When Barbara Selden talks about her journey with breast cancer, she uses words that might surprise some people — words such as blessed, gift, gratitude and joy.
Selden serves as administrative assistant and medical staff coordinator at Northern Colorado Rehabilitation Hospital in Johnstown. It was there that she received a phone call following her yearly mammogram in February 2012.
With a strong history of breast cancer in her family, Selden, of Greeley, began getting mammograms earlier than most women. Both her mother and her maternal grandmother had had the disease. In 2009, Selden had a benign tumor removed.
She had that mammogram, her 13th, on a Thursday. “They told me if I didn’t get a call back on Friday, I’d be good,” she shared. “Sunday night I was getting my work clothes ready, and I thought, ‘Hey, they didn’t call me. I’m good for another year.’
“I came to work the next day, and they called. They had seen something suspicious. ‘We need you to come back for an ultrasound,’ they said. My first thought was, ‘They’re wasting my time.’ I was in denial.”
The ultrasound heightened concerns. Selden was sent for a biopsy, which came back positive for Stage 2 breast cancer. “It was devastating” she said. And yet, Selden is quick to point out, “I was blessed that they found it. This happened because a radiologist saw a subtle difference from the year before.”
Her physician recommended a bilateral mastectomy, followed by removal of her ovaries, because her type of cancer was, “fed by estrogen.”
During a visit with the surgeon who would perform the second surgery, another ultrasound was taken. The results led the surgeon to recommend that a hysterectomy also be performed.
“I had the bilateral done, and three weeks after that, the hysterectomy,” said Selden. “The uterus came back precancerous. Having it removed was another huge blessing.”
In spite of her family history, genetic testing showed that Selden did not carry any of the genes for breast cancer.
She expresses gratitude to her husband, daughters, family, friends and co-workers, who helped make her journey a positive experience.
After her surgeries, all Selden wanted to do was to get back to work. “It was very healing for me. I had a huge support staff here. I would take off my chemo day (Thursday) and be back to work the next day. The effects of the chemo wouldn’t hit until Saturday. I came back to work each Monday, and as the week progressed, I got better.” And so it went for the 18 weeks of her chemotherapy.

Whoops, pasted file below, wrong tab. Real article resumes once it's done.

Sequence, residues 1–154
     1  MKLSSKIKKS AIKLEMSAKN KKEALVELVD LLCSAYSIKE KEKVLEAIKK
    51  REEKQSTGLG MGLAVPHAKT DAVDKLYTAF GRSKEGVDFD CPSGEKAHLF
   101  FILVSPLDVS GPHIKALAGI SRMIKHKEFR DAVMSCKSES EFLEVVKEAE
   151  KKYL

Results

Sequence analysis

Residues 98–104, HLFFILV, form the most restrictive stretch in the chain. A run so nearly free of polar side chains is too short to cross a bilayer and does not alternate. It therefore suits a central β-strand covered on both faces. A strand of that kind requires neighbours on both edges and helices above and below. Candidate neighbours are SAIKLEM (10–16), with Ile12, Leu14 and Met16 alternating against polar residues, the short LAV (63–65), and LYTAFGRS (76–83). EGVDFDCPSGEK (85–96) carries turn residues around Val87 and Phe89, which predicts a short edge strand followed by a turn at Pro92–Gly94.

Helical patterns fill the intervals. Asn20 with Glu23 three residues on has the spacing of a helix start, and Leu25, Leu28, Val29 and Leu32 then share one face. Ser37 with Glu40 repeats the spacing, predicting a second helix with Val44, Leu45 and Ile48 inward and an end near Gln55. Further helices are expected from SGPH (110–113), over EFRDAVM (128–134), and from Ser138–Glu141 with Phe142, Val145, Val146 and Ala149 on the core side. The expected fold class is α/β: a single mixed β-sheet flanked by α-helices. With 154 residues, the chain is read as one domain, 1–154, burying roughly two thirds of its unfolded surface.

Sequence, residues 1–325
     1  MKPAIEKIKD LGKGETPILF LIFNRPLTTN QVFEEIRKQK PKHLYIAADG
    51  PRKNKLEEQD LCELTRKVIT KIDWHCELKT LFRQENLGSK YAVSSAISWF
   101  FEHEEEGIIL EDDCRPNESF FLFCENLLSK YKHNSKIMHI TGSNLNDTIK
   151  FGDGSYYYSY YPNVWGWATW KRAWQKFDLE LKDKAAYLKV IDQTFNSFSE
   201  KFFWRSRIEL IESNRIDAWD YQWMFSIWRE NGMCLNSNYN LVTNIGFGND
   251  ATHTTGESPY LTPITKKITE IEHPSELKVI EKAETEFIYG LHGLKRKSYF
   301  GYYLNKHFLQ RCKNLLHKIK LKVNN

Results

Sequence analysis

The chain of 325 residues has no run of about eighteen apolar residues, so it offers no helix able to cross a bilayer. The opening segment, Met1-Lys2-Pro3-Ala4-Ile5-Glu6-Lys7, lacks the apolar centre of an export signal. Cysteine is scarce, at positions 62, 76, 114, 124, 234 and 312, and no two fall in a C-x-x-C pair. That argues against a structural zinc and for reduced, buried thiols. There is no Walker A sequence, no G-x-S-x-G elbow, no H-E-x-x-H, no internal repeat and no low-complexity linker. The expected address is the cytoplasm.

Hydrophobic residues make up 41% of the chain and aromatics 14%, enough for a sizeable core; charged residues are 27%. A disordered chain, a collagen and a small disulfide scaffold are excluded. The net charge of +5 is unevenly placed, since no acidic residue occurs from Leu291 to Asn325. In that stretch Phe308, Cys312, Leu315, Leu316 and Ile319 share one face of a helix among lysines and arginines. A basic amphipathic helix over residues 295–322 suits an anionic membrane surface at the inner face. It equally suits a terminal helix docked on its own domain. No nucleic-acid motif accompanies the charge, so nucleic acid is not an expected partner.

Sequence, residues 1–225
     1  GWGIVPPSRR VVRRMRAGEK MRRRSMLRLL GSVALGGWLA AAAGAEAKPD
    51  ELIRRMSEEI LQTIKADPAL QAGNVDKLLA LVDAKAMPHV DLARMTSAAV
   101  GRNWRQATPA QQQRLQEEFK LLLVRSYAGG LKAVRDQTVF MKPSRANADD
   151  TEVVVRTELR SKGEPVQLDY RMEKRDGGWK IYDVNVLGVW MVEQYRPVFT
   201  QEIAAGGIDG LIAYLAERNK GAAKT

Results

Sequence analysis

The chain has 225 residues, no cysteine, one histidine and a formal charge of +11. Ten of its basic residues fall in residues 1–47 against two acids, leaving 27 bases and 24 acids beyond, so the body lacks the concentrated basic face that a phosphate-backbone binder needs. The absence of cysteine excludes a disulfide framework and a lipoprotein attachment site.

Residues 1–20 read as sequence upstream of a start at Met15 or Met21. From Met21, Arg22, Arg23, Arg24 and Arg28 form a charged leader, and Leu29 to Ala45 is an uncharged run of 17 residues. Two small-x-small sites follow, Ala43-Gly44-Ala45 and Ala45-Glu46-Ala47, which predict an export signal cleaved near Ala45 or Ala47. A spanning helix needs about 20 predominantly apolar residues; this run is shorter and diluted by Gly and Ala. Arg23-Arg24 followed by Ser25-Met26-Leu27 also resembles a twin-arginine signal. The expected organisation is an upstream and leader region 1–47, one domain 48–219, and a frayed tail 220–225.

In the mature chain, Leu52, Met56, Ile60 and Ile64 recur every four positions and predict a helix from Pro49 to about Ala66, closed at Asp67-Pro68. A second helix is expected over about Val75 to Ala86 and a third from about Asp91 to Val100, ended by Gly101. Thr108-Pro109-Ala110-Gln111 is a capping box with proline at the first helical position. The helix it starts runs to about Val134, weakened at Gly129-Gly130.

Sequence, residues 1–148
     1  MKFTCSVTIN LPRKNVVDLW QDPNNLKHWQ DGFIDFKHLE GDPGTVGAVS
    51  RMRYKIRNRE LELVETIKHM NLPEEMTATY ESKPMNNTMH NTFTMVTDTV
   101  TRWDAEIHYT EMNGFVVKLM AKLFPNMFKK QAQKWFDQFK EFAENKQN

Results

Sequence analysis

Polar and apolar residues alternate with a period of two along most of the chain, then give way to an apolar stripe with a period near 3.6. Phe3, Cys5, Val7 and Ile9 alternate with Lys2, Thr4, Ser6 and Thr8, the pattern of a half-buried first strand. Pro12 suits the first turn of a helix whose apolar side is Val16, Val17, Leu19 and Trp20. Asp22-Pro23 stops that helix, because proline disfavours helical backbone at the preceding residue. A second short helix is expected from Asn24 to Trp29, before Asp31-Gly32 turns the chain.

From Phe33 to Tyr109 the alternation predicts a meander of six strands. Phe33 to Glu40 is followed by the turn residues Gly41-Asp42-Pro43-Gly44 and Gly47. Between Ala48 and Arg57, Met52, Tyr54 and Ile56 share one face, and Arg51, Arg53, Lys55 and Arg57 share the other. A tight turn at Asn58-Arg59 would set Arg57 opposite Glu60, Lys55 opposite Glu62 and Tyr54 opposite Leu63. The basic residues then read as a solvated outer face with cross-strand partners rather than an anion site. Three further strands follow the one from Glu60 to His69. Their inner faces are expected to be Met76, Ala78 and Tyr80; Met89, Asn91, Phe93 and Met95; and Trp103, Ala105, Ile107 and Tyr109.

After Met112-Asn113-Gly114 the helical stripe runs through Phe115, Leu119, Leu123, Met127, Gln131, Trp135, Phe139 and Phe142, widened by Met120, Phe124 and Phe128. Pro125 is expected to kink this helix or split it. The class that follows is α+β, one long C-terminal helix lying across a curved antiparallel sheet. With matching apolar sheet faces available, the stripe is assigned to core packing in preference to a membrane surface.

“I felt like being here at work with my friends was very healing for me and helped me move forward,” she said. “We have patients here who don’t have a limb, and they’re as happy as can be. I had no hair, and I was so caught up in it. It was then I realized, we can be victims, or we can find the blessings.
“I tried to think of my journey, my cancer, as a speed bump in my life,” she added. “It wasn’t a road block. I just needed to slow down to take care of this. It caused me to be healthier.”
Next year, Selden will celebrate her five-year anniversary of being diagnosed. Her mother-in-law, who also had breast cancer, will celebrate her 10th anniversary. Her mother will be celebrating 19 years of being cancer free.”
Selden’s experiences have led her to reach out to others and serve as a mentor to other women facing breast cancer. Physicians, friends and co-workers often refer someone they know, who has been recently diagnosed, to her.
I like to let people know there is hope. There are so many options, so many resources that people don’t know about. I don’t want to tell anybody what to do, but I do want to be a resource,” she said. “I want to give them ideas on things I didn’t know about that I now know can help them.”
One example Selden shares was learning, the hard way, that chemotherapy can be rough on bones. Approximately one year after ending her chemotherapy, she fractured her pelvis. Had she known her bone density was a problem before she began treatment, a medication could have been added to her infusions that might have prevented the problem. That information now holds a place of importance on her list of “things to do before chemo” that she shares with other women.
Barbara Selden finds joy mentoring women facing breast cancer by sending cards, letters, care packages, informational packages and by offering a listening ear.
She encourages women to be advocates for themselves. “Learn,” she tells them. “If you don’t understand what the doctor is saying, ask again. Don’t walk away pretending you understand if you don’t, because this is all about you and you getting the help that you need.”
By Jeannie Lancaster – Reporter-Herald Staff Writer